The governor announced an executive order Friday to take ventilators and PPE from hospitals and other private institutions to redistribute them to hospitals with the highest need to fight COVID-19. The machines will be returned after the pandemic, or the institutions will be reimbursed for the equipment. The order was announced Friday, but had not been signed at press time Sunday.

“You’re asking a system to do more than it has ever done before — more than it was designed to do — and to do it with less,” Cuomo said.

“I understand they’re being asked to do the impossible. Life is options, and we don’t have any other options. You get to a situation and you do what you have to do in the situation and that’s where we are.”

Bipartisan county, state and federal representatives, including U.S. Rep. Antonio Delgado, D-19; Sen. George Amedore, R-46; Assemblyman Chris Tague, R-102; Sens. Jen Metzger, D-42; and Sue Serino, R-41; Assemblyman Kevin Cahill, D-103; Ulster County Executive Pat Ryan; Dutchess County Executive Marc Molinaro, Orange County Executive Steven Neuhaus, released a joint statement criticizing Cuomo’s expected executive order to move ventilators from upstate hospitals.

“We are aware of plans to shift ventilators from our upstate communities and are gravely concerned,” according to the representatives’ joint statement. “Health care access in rural communities has long been under strain, and we know the apex of cases in upstate is around the corner. We stand ready to help our fellow New Yorkers, but moving needed ventilators from our region now would be devastating and counter intuitive to all data on the spread of COVID-19. We will continue to work together to do everything in our power to make sure folks in our region have every single thing they need to get through this health crisis.”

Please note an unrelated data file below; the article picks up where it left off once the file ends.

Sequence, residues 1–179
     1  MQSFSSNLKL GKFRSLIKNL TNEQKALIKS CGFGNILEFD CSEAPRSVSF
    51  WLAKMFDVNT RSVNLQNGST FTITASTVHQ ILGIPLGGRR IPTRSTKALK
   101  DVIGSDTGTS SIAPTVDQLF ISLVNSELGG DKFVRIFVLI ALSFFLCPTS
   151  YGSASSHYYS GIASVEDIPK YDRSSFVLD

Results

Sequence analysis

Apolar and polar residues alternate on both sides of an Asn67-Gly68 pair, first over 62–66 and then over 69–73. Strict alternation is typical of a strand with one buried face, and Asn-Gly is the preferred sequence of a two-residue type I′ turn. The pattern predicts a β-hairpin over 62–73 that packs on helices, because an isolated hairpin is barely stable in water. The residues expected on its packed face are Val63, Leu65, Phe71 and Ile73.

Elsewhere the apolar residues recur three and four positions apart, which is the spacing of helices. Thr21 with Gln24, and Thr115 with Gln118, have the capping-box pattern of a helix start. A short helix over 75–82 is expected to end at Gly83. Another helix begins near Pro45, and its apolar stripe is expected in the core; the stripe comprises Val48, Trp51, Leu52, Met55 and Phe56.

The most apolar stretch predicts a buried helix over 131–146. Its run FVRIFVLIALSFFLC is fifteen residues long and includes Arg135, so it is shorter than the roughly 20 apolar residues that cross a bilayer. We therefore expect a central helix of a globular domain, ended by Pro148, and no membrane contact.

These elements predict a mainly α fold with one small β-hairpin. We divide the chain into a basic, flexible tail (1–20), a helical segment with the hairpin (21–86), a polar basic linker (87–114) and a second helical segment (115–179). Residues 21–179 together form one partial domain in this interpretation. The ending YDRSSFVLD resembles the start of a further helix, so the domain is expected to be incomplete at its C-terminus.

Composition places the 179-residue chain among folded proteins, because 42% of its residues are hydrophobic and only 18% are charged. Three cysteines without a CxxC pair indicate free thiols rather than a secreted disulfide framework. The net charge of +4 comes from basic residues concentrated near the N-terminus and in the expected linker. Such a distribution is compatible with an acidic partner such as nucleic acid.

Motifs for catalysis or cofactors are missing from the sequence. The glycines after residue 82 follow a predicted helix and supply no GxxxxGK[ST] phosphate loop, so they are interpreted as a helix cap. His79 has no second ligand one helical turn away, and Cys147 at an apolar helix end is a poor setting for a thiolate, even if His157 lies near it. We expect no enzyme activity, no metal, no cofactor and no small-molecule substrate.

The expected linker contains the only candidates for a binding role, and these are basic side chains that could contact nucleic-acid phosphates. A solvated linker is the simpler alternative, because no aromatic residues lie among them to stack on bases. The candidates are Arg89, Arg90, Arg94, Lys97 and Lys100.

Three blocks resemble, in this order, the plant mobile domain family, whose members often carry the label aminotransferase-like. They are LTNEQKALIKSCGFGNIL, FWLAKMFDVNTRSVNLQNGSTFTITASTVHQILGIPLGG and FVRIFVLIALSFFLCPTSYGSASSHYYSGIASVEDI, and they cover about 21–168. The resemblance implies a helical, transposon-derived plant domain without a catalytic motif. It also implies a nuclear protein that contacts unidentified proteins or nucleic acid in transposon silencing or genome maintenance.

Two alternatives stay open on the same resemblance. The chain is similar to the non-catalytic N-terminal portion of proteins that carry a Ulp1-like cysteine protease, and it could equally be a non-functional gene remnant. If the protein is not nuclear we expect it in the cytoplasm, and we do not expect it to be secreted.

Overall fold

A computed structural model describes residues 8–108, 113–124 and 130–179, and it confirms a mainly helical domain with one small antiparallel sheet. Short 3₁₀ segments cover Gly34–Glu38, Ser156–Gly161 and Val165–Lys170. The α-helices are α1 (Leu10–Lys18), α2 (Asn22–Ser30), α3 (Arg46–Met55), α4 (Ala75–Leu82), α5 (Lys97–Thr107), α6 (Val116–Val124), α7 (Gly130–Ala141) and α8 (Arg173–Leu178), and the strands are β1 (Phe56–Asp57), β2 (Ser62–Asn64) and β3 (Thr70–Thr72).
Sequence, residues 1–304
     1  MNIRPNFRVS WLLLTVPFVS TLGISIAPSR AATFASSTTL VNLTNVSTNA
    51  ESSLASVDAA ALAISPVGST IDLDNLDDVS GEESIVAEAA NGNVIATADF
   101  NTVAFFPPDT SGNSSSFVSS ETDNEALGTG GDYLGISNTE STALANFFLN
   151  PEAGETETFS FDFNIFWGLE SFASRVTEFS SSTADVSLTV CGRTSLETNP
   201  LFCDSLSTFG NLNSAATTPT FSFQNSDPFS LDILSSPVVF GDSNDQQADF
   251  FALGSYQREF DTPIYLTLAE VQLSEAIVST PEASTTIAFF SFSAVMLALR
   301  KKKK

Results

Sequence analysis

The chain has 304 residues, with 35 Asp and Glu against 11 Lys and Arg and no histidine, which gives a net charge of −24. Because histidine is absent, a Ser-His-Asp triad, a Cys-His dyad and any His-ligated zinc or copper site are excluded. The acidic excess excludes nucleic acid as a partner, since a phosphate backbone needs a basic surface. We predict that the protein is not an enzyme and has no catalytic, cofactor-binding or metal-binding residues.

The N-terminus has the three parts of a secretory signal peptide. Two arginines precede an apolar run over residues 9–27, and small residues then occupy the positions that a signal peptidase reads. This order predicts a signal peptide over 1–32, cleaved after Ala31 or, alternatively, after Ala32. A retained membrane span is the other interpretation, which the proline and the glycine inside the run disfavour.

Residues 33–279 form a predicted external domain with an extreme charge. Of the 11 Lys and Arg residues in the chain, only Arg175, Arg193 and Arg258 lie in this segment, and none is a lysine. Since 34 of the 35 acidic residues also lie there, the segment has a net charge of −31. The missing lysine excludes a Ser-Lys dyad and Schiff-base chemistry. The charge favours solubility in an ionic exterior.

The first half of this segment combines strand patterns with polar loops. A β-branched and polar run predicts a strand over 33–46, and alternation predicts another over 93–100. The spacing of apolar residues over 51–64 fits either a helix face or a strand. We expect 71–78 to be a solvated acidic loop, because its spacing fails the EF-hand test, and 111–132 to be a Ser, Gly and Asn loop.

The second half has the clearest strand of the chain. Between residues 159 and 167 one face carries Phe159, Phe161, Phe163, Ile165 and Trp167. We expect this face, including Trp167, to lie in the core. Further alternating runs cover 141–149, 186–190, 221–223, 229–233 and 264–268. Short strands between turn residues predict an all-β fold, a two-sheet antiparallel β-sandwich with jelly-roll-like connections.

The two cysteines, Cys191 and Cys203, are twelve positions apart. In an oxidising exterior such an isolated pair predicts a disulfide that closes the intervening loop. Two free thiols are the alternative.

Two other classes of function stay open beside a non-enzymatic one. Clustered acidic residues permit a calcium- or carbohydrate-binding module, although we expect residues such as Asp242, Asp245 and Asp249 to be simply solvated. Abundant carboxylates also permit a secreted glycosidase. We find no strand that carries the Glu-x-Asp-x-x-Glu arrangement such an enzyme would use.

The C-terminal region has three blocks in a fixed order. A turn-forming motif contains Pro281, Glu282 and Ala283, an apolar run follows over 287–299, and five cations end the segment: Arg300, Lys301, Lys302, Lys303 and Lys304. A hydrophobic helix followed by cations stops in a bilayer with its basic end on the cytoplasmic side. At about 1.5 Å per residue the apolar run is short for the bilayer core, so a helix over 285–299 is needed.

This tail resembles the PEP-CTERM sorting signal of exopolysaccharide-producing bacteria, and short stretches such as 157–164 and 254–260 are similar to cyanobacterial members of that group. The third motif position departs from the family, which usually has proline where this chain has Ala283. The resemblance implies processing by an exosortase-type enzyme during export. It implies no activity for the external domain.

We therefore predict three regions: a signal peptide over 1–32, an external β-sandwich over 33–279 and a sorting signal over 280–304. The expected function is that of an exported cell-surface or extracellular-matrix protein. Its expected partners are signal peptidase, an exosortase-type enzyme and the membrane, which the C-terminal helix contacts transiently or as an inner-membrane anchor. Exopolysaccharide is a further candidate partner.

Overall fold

Cuomo reiterated the necessity of the state to share resources to save lives, but also help stop the pandemic spread.

“I understand the fear if I lend you my ventilator, what happens when I need one,” the governor said. “It is in your self interest to put out the fire at the neighbor’s house.

“Our wisdom here in New York... our mental wisdom and our ethos is we will help one another,” Cuomo said. “As long as I’m governor of this state, we won’t lose a life if we can prevent it, and we’re not going to lose a life because we didn’t share resources among ourselves.”

Hospitals must work together across the state and nation shifting resources to combat a rolling wave of COVID-19 apexes anticipated to hit different regions at different times, the governor said. The state is the recipient of ventilator donations from two Chinese billionaires and the state of Oregon. Jack Ma and Joe Tsai, the founders of the Chinese conglomerate Alibaba, have donated 1,000 ventilators, and Oregon is lending the state 140 of its ventilators.

“The only option I see is a national deployment,” Cuomo said. “People have been so beautiful to us. We’re going to codify everything we’ve learned to get past this curve, and whatever part of the country goes next, we will be there with equipment and personnel and however we can to help.”

While federal agencies work to approve the COVID-19 vaccine, which could take more than a year, the state is working to develop convalescent plasma receptors, antibody, hydroxychloroquine and other COVID-19 treatments, Cuomo said.

“We’re trying all these new treatments — some of them show real promise,” the governor added. “You can see where the story ends. Keep this in mind: This is going to be over... We talk about the family of New York. This is the time the family has to come together — not just out of spirit and love, but out of necessity. You cannot handle this without your brothers and sisters. It can’t be done any other way.”

Kate Lisa covers the Capitol and New York State Legislature for Johnson Newspaper Corp. Contact her at or follow her on Twitter @KaitlynnLisa

(0) comments

Welcome to the discussion.

Keep it Clean. Please avoid obscene, vulgar, lewd, racist or sexually-oriented language.
Don't Threaten. Threats of harming another person will not be tolerated.
Be Truthful. Don't knowingly lie about anyone or anything.
Be Nice. No racism, sexism or any sort of -ism that is degrading to another person.
Be Proactive. Use the 'Report' link on each comment to let us know of abusive posts.
Share with Us. We'd love to hear eyewitness accounts, the history behind an article.